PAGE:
The philosophy which says animals should be granted collective legal rights to have a refuge in dense wildlife habitat where they aren’t subject to human cruelty. With the few exceptions where the law is overridden by right to self-defence or special dispensation from the government for example to practice some scientific testing to cure diseases, as well as breed and keep guide dogs for the blind.

(If a fox kills a rabbit because it’s the only way it can stay strong and pass on it’s genes, it’s part of a wonderfully delicate ecosystem. I have the choice to pick an apple off a tree and enjoy watching the rabbit. So, not wanting to parasitically take away life with instinctual desires to express their high order capabilities for low-order pleasure in our hierarchy of needs which we can find elsewhere.)

What is the Animal Rights Movement?

(Same again, just swapping philosophy for social movement, so…)

A social movement which seeks to gain collective legal rights for animals to have a refuge in dense wildlife habitat where they aren’t subject to human cruelty, etc. Etc.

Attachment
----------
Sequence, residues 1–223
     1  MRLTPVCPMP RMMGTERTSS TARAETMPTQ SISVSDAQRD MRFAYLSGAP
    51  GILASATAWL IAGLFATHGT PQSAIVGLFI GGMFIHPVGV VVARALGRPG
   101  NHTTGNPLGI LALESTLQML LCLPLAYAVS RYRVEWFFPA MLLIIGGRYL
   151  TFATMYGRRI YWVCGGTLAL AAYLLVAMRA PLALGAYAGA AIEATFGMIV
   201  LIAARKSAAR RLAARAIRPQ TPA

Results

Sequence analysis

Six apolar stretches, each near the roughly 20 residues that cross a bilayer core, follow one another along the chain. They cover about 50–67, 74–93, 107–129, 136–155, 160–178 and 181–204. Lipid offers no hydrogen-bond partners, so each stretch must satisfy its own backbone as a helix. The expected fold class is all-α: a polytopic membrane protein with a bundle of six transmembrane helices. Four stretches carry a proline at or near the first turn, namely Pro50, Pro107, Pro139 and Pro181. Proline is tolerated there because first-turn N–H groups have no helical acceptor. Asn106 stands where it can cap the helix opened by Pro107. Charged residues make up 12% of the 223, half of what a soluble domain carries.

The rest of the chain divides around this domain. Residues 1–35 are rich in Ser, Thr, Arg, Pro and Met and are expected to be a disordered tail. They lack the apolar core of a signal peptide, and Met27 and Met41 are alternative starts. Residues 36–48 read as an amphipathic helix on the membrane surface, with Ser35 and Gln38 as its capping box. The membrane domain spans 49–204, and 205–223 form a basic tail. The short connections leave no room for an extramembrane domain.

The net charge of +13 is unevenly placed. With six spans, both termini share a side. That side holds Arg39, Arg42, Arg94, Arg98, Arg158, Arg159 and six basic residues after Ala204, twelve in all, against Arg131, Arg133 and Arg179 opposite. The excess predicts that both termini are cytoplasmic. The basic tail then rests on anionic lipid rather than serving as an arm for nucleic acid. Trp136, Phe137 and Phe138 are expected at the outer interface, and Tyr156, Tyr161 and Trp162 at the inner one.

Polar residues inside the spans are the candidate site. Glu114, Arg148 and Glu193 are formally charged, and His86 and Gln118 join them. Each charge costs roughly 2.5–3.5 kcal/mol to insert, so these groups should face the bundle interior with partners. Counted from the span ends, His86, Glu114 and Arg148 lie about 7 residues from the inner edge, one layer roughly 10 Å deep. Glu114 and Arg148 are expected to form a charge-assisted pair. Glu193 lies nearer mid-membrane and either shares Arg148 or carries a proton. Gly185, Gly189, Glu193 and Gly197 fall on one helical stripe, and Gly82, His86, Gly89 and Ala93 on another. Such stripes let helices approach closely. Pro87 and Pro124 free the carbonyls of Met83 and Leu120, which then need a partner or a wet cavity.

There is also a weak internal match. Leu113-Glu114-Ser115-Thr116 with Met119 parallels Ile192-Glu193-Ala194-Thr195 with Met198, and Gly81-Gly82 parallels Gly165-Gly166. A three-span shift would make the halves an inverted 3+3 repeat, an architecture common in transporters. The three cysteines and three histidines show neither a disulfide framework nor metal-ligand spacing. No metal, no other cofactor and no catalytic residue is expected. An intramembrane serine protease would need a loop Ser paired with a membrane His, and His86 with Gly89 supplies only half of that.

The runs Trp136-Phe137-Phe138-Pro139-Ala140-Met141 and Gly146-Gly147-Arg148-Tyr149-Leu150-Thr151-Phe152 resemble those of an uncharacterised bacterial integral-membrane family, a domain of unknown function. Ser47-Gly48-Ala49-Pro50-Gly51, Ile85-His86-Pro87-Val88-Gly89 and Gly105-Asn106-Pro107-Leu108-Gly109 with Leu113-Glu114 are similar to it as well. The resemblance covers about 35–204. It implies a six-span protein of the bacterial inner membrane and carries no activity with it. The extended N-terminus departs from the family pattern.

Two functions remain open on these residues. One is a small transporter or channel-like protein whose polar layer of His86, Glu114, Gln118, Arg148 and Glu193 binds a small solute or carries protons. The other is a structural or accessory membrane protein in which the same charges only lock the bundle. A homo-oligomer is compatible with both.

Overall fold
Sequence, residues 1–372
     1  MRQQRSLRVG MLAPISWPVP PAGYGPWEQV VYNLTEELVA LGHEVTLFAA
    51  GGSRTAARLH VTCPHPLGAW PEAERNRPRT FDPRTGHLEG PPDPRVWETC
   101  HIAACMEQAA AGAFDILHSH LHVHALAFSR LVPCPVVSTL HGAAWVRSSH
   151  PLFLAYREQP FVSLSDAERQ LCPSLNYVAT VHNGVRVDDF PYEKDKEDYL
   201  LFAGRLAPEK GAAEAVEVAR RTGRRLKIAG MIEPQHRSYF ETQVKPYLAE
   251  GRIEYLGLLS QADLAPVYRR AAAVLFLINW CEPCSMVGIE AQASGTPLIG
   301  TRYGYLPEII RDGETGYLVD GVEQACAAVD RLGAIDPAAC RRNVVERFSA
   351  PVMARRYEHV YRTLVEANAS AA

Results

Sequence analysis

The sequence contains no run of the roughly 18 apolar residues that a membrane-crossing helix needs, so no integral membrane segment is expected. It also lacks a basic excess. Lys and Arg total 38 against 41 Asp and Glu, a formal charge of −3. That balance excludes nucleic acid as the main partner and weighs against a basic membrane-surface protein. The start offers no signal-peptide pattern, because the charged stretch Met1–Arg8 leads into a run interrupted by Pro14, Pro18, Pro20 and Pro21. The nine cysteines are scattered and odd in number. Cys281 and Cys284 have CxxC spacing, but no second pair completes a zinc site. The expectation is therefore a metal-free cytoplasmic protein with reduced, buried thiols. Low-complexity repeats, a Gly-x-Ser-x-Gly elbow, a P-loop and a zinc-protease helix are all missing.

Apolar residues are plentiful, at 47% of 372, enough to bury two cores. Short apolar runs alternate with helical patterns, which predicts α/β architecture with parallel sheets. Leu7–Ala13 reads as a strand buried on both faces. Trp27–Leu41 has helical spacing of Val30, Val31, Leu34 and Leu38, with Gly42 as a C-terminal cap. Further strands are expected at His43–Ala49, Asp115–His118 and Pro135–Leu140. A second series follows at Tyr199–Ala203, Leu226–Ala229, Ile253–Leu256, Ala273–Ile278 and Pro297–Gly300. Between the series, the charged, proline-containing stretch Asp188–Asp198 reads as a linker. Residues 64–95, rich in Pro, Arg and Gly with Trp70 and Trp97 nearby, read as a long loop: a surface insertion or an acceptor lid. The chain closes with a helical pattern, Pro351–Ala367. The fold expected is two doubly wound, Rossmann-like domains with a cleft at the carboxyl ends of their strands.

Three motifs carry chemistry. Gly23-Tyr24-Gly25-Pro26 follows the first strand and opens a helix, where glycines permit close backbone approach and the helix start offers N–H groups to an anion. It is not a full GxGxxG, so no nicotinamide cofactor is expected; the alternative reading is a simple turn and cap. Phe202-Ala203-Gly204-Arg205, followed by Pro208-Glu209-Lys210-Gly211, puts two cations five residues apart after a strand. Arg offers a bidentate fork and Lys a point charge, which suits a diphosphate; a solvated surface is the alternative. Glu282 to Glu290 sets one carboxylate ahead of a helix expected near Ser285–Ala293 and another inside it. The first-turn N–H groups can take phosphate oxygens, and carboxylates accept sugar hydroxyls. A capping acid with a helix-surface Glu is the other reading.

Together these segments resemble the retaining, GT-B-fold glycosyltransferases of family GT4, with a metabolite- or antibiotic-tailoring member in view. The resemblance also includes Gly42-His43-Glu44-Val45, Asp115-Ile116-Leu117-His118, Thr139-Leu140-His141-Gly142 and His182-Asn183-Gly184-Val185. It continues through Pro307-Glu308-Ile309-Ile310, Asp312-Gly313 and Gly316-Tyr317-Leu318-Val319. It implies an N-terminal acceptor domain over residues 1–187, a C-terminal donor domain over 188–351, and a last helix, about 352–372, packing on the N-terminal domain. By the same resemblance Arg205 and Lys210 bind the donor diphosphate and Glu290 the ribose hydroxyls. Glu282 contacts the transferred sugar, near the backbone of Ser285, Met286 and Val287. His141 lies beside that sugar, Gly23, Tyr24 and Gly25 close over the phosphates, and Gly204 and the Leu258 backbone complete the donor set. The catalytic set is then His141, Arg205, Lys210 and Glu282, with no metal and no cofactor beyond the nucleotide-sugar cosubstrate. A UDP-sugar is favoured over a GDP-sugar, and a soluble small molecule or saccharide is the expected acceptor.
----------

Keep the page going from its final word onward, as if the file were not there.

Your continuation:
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1f. Outro

Let me know what you think in a comment down below, all the best, peace.

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2. Arguments for Veganism

2a. Intro

Hello, okay this is going to be a long video, so time-codes in the description if you just want to flick around. This is the second video in a two part series, where in the first video I introduced my preferred definition of veganism, why I think it’s the best one. And now in this video I I will run you through 5 a-mazing arguments for veganism. This is mainly for vegans to become better skilled at advocating, but any feedback is more than welcome.

So, what are the best arguments for advocating veganism?

Well that really depends on your audience, but I’ll run through a few and give my thoughts on the pros and cons of each.

First off let’s start with an argument that is designed to work on any ethical system, called name the trait.

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2a. General Purpose – Name The Trait

Basically it asks what would be the ethical implications for humans if we used the same justifications that meat eaters use for how we treat animals.

  1. Would you prefer not to kill a human for food if you could easily access and eat plant food?
  2. Would you prefer not to kill a non-human animal for food if you could easily access and eat plant food?